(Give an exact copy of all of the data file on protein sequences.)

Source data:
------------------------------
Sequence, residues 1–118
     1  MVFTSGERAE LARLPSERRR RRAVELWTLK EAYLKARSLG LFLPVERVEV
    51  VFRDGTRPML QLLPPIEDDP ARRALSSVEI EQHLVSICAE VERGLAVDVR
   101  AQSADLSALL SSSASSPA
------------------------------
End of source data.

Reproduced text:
Sequence, residues 1–118
     1  MVFTSGERAE LARLPSERRR RRAVELWTLK EAYLKARSLG LFLPVERVEV
    51  VFRDGTRPML QLLPPIEDDP ARRALSSVEI EQHLVSICAE VERGLAVDVR
   101  AQSADLSALL SSSASSPA